We feel it is important to track comments and ideas shared on the fan pages and use this information to guide us in developing new customer experiences and card content. One example of this is when we changed the tone of an Easter card that was already live because we felt the messaging did not meet the need of our audience. We came to the because of the conversations that we observed on our Facebook fan page. As a result of changes, this card became one of our top sent cards for this Easter season.

Steve, I agree that metrics are very important to track success in social media. Some of the metrics we track are the number of fans, number of coupon codes redeemed from social media marketing campaigns, and overall level of engagement with our fans. We also monitor user activity from our fan pages. Some of the tools we use are ClearSaleing tracking and Facebook Insights.

No one person is solely dedicated to social media, instead team members from Brand Management, Product Management and Customer Service are expected to contribute as part of their job responsibilities. I think social media is very important for any company, Steve. We need to be engaged with our fans through social media. People will be out there talking about our brands, regardless of whether you we part of it or not. It’s good practice to be able to weigh in on the conversation and help drive it, rather than hope it’s a positive conversation. Over time, I think we will see email campaigns become a smaller part of the customer communication plan and the majority of customer communication will flow through social media.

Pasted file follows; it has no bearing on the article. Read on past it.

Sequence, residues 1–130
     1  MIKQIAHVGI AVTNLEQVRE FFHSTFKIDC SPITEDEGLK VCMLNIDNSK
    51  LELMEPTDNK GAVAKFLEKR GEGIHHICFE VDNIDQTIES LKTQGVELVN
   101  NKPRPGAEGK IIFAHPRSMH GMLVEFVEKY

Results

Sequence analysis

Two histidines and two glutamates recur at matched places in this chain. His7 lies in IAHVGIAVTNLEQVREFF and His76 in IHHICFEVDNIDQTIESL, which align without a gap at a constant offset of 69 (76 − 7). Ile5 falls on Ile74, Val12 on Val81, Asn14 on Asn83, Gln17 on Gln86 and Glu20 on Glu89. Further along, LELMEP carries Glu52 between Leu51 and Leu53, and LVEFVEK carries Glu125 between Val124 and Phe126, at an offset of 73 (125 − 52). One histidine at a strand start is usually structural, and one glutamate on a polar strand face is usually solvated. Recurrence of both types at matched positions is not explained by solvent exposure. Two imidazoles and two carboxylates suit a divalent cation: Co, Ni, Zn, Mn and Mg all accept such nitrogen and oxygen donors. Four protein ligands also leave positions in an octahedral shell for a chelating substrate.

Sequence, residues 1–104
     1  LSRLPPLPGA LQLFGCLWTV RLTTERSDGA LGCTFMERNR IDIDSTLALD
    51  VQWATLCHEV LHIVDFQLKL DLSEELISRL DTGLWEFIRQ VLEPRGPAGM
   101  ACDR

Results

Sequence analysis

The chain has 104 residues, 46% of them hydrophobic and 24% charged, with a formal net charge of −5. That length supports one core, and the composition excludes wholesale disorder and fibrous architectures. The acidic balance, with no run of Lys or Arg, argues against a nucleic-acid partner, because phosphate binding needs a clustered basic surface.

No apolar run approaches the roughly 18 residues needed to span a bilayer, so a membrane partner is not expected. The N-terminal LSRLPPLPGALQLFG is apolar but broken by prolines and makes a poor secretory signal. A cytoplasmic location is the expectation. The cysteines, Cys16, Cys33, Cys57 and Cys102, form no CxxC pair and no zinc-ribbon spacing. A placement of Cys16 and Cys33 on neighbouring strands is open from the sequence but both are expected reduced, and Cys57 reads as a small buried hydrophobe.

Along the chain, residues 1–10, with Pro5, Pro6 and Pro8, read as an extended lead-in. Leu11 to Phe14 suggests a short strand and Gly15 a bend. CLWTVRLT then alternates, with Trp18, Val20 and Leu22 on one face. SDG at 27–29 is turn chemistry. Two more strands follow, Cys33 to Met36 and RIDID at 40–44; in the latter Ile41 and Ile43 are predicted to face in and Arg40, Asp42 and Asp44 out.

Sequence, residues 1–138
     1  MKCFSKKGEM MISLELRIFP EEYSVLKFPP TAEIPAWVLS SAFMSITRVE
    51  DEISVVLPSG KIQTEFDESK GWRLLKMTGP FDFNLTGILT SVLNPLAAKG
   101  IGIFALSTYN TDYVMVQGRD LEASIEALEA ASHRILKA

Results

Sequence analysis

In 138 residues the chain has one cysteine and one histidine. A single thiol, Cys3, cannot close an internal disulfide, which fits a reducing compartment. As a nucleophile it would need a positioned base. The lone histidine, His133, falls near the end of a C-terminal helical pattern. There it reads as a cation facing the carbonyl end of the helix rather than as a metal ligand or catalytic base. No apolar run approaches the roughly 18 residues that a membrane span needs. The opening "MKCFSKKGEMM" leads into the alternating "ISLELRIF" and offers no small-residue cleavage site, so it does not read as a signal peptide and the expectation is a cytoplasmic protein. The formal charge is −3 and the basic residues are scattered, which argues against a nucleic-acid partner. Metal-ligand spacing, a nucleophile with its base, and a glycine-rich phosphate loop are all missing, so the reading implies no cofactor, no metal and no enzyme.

Jim DiMarzio, CIO, Mazda North America Operations (See profile)

Set corporate policy to encourage employee use of social media

Mazda has a passionate consumer base and it really made sense for us to bring the offline conversations owners were already having with each other onto social media sites. If you choose to do nothing, the conversations are still going to happen. You just won’t have influence over or the affection of the audience. We have two primary constituencies: local dealership franchisees and consumers ranging from first-time buyers to Mazda enthusiasts. Our focus is on four social networks – Facebook, Flikr, Twitter and YouTube – which cover all types of communication including microblogging, video, still photography and community. Facebook is our hub and we use metrics like fan counts and participation to benchmark against our competitors’ Facebook presence.

To address your staffing question, we don’t have a dedicated social media group, and view all of Mazda employees as our social media team. This was a conscious decision and we actually reversed existing corporate policy that had required strong command and control of all communication through the central PR engine. We wrote new internal policies which empowered employees to get out on social networks as stewards of the Mazda brand. For strategic direction and leadership, we look to specific people: Mazda’s digital marketing team and two external agencies.

To date, we have been successful using tools like Scout Labs, Social Mention, and Google Alerts for tracking metrics and engagement. But, we expect that some day we may need to make a larger investment in developing an internal app to help with tracking engagement and analyzing results.

Interviews done by Carrie Mathews

CIO Executive Council